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Health screenings can be essential for your overall well-being, but some aren’t as important to have as others. Keep reading to find out which health screenings you should invest in and which ones you should avoid.


  1. Blood Pressure screening- If you’re over 18, getting your blood pressure checked regularly can help catch hypertension, a leading cause of cardiovascular disease and heart attacks. If you have a family history of heart disease, more regular screenings may be needed.


  1. Diabetes screening- If you have high blood pressure or other risk factors, it may be necessary to measure your blood glucose to see if you have Type 2 Diabetes. However, many doctors believe that checking for Type 2 Diabetes is only necessary after the age of 45. It’s best to speak with your provider to see what is right for you.


  1. Skin Cancer Checks- The American Cancer Society recommends that adults over the age of 20 get screened for skin cancer by a dermatologists. However, other organizations don’t necessarily see the benefit unless you develop new moles or lesions.


  1. Abdominal Aortic Aneurysm Screening- This condition tends to affect older males who have previously smoked. Any male between the ages of 65 and 75 who have smoked or currently smoked should probably be screened for aortic aneurysm risks, while the general population could probably skip this test.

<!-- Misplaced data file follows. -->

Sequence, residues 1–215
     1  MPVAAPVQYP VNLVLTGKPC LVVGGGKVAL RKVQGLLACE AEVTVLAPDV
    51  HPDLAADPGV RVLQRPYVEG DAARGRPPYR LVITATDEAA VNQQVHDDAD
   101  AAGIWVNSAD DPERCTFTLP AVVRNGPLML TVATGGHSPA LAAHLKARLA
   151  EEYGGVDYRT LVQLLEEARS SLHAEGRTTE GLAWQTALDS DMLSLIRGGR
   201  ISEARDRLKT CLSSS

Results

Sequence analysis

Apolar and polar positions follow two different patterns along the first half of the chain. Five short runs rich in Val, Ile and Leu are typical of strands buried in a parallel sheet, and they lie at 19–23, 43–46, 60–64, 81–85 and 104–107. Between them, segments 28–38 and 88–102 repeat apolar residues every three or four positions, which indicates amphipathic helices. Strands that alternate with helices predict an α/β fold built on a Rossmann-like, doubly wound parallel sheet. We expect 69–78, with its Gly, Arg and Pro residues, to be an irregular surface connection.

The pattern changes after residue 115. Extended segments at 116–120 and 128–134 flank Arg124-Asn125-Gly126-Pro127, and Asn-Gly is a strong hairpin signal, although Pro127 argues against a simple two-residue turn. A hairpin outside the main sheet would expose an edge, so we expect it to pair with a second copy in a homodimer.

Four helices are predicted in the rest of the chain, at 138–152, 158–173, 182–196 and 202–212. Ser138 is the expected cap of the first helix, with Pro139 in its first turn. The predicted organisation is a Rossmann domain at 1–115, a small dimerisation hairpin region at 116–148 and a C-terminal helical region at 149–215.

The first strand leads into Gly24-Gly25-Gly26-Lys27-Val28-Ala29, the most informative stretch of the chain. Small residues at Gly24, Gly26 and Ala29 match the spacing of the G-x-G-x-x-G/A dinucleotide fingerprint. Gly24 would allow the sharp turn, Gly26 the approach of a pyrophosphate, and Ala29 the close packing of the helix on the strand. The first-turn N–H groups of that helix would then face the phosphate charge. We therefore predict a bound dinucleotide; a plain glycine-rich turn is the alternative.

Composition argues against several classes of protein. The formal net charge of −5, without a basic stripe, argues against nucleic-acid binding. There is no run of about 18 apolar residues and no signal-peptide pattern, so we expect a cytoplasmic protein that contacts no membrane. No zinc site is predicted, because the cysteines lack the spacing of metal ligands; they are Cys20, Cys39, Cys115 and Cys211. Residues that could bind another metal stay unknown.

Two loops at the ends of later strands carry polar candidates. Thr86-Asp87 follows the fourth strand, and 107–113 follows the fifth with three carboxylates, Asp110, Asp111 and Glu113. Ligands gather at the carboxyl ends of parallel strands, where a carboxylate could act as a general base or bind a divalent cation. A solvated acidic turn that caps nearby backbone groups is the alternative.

1. Cervical Cancer Screenings- For sexually active women, or women who have turned 21, regular Pap smears can catch changing cells and other risk factors for cervical cancer. Pap smears are recommended every three years, but women who have had abnormal screenings may need one every year.


  1. Alzheimer’s Disease Screenings- For older adults, there are no proven benefits of being tested yearly for signs of dementia or Alzheimer’s Disease. In fact, the Alzheimer’s Association only suggests visiting a doctor for this condition if symptoms begin to arise.


  1. Breast Cancer Screenings- There is a lot of debate about which age and how often women should be screened for breast cancer. Women aged 50-74 are supposed to have mammograms every two years, but the benefit hasn’t been proven for women over age 74. Also, self-breast exams have been proven to be ineffective.